Some people can't get enough time outdoors, surrounded by nature's gifts and being refreshed by a world of green. Others need a little more nudging to get outside, and if there was ever a time to be encouraged to open up that door, it's the month of June.

That nudging starts at the very top with President Obama proclaiming June as Great Outdoors Month, along with almost every state governor. The Presidential Proclamation urges all Americans to spend time in the great outdoors and to uphold our nation's legacy of conserving our lands for future generations.

The Proclamation goes on to talk about the numerous opportunities for families and friends to explore, play, and grow together from hiking, walking a dog, camping and wildlife watching to canoeing, biking, running, hunting, fishing and playing in the neighborhood park, all activities that can help families and kids stay healthy, active and energized.



May is National Asthma and Allergy Awareness Month

Each year, the Asthma and Allergy Foundation of America (AAFA) declares May to be "National Asthma and Allergy Awareness Month." It's a peak season for asthma and allergy sufferers, and a perfect time to educate your patients, family, friends, co-workers and others about these diseases. Unfortunately, there is no place safe from allergies in America.

Important Dates
May 6 – World Asthma Day
May 11-17 – Food Allergy Awareness Week

What are allergies?

Allergies are an overreaction of the immune system to substances that usually cause no reaction in most individuals. These substances could trigger sneezing, wheezing, coughing and itching. Allergies are not only bothersome, but many have been linked to a variety of common and serious chronic respiratory illnesses such as sinusitis and asthma. Factors such as your family history with allergies, the types and frequency of symptoms, seasonality, duration and even location of symptoms, either indoors or outdoors, are all are taken into consideration when a doctor diagnoses allergies. Common allergic diseases include: allergic rhinitis, allergic asthma, food and drug allergies, insect sting/bite allergy, latex allergy, urticarial, atopic dermatitis, contact dermatitis, allergic conjunctivitis and anaphylaxis. Allergy treatment is often based on the results of your allergy tests, your medical history, and the severity of your symptoms. It can include three different treatment strategies: avoidance of allergens, medication options and/or immunotherapy (allergy shots).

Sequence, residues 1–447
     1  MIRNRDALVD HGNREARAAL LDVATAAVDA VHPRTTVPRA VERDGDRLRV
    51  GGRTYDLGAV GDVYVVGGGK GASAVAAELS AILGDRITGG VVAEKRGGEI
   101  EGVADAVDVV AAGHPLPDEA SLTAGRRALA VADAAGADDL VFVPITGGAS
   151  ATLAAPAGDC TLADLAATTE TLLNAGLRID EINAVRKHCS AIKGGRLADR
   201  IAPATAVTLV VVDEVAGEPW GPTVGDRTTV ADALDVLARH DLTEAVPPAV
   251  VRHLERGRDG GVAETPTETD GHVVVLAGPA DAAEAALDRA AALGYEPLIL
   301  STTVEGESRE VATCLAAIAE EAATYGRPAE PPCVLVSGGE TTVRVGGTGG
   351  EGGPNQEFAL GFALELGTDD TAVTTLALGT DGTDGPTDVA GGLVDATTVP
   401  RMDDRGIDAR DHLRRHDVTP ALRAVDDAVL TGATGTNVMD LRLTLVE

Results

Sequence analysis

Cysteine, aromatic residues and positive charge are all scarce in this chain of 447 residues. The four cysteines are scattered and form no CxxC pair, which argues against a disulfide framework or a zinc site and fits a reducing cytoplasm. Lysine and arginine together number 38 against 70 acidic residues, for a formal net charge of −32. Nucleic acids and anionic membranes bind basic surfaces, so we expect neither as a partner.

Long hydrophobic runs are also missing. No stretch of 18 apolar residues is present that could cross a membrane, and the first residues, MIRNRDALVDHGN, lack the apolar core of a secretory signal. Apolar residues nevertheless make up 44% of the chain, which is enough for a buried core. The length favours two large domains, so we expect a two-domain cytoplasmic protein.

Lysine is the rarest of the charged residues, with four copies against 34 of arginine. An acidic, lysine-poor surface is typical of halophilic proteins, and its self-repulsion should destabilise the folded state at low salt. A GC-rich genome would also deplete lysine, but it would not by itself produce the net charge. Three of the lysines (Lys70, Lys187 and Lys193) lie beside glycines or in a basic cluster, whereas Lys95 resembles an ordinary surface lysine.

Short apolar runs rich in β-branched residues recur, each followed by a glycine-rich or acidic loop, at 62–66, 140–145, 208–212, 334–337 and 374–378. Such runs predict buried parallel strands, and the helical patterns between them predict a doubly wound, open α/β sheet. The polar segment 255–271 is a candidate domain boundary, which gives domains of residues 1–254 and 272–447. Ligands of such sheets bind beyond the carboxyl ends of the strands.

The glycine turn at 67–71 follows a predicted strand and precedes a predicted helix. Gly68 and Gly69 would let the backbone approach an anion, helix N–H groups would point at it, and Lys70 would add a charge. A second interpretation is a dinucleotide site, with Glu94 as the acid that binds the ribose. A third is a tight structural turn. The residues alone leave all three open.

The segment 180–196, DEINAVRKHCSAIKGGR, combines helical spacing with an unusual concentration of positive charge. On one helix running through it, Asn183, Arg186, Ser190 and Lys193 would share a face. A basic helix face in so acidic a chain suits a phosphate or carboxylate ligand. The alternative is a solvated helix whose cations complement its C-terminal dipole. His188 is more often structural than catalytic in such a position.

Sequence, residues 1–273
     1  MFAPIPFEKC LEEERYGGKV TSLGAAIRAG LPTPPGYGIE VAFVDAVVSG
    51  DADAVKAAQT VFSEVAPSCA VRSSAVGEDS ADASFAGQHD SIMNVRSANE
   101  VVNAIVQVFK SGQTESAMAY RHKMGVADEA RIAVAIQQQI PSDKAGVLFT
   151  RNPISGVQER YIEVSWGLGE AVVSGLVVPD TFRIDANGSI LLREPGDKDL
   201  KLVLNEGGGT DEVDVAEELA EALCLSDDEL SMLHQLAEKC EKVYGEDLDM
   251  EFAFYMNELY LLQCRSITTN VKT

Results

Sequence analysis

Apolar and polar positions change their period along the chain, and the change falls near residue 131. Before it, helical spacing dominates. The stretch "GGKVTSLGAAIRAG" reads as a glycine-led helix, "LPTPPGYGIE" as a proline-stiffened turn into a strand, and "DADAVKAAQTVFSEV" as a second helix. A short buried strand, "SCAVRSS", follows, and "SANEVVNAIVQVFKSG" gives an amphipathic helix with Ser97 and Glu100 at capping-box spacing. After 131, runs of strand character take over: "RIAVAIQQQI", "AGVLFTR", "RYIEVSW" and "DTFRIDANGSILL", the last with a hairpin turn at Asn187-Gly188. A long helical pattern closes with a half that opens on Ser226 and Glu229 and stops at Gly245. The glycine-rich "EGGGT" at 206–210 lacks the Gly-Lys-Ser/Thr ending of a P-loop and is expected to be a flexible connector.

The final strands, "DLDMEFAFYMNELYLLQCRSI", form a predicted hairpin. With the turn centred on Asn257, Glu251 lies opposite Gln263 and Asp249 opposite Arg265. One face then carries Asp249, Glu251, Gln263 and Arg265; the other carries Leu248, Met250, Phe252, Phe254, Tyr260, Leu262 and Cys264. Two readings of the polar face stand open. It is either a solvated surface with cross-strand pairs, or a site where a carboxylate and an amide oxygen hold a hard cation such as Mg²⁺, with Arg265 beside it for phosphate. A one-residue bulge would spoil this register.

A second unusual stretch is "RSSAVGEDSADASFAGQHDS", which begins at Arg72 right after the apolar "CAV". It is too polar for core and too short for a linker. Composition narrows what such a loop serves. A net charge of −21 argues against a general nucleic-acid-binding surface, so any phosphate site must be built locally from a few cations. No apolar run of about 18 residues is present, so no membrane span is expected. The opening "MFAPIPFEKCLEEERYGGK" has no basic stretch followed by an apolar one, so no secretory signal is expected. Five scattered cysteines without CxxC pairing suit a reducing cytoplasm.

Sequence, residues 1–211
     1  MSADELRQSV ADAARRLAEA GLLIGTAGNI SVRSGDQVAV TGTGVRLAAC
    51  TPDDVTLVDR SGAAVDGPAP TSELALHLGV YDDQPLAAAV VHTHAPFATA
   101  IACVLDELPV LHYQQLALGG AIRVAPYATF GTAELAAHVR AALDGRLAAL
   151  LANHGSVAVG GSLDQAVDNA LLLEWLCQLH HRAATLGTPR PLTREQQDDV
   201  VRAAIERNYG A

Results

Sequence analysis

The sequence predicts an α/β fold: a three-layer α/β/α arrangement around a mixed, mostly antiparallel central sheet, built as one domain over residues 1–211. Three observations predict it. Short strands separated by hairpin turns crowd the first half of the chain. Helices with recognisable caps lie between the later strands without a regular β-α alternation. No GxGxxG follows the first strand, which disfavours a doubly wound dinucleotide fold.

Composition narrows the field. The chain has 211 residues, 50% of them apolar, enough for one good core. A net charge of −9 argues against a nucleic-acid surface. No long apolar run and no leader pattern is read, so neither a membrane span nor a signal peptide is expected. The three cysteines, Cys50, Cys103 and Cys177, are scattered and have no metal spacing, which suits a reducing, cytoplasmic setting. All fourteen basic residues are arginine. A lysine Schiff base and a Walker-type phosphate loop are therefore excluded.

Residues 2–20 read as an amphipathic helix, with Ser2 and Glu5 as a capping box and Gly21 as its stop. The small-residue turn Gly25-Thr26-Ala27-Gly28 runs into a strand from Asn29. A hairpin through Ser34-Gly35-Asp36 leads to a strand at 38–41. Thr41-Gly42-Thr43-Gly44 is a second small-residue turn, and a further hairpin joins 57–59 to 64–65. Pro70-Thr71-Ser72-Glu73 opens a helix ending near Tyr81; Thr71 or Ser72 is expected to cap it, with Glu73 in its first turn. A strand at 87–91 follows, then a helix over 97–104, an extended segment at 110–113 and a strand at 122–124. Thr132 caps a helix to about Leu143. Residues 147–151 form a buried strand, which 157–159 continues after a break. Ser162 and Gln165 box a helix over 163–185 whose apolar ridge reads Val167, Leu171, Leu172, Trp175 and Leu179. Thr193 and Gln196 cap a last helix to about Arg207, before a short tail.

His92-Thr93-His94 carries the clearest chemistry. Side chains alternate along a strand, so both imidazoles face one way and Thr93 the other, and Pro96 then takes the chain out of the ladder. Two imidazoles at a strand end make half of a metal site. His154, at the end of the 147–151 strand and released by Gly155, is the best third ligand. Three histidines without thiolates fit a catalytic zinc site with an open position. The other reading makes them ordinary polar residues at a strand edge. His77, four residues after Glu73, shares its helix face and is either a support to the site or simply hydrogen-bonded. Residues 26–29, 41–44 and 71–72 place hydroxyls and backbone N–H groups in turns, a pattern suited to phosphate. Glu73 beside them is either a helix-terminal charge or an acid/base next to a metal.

The AAFA provides a list of simple things you can do to prevent allergies that include:
- Dust to control mites. By dusting surfaces and washing bedding often, you can control the amount of dust mites in your home.
- Vacuum often. Although cleaning can sometimes trigger allergic reactions, with dust in the air, vacuuming once or twice a week will reduce the surface dust mites. Wear a mask when doing housework and consider leaving for a few hours after you clean to avoid allergens in the air. You can also make sure your vacuum has an air filter to capture dust.
- Reduce pet dander. If you have allergies, you should avoid pets with feathers or fur like birds, dogs and cats. Animal saliva and dead skin, or pet dander, can cause allergic reactions. If you can’t bear to part with your pet, you should at least keep it out of the bedroom.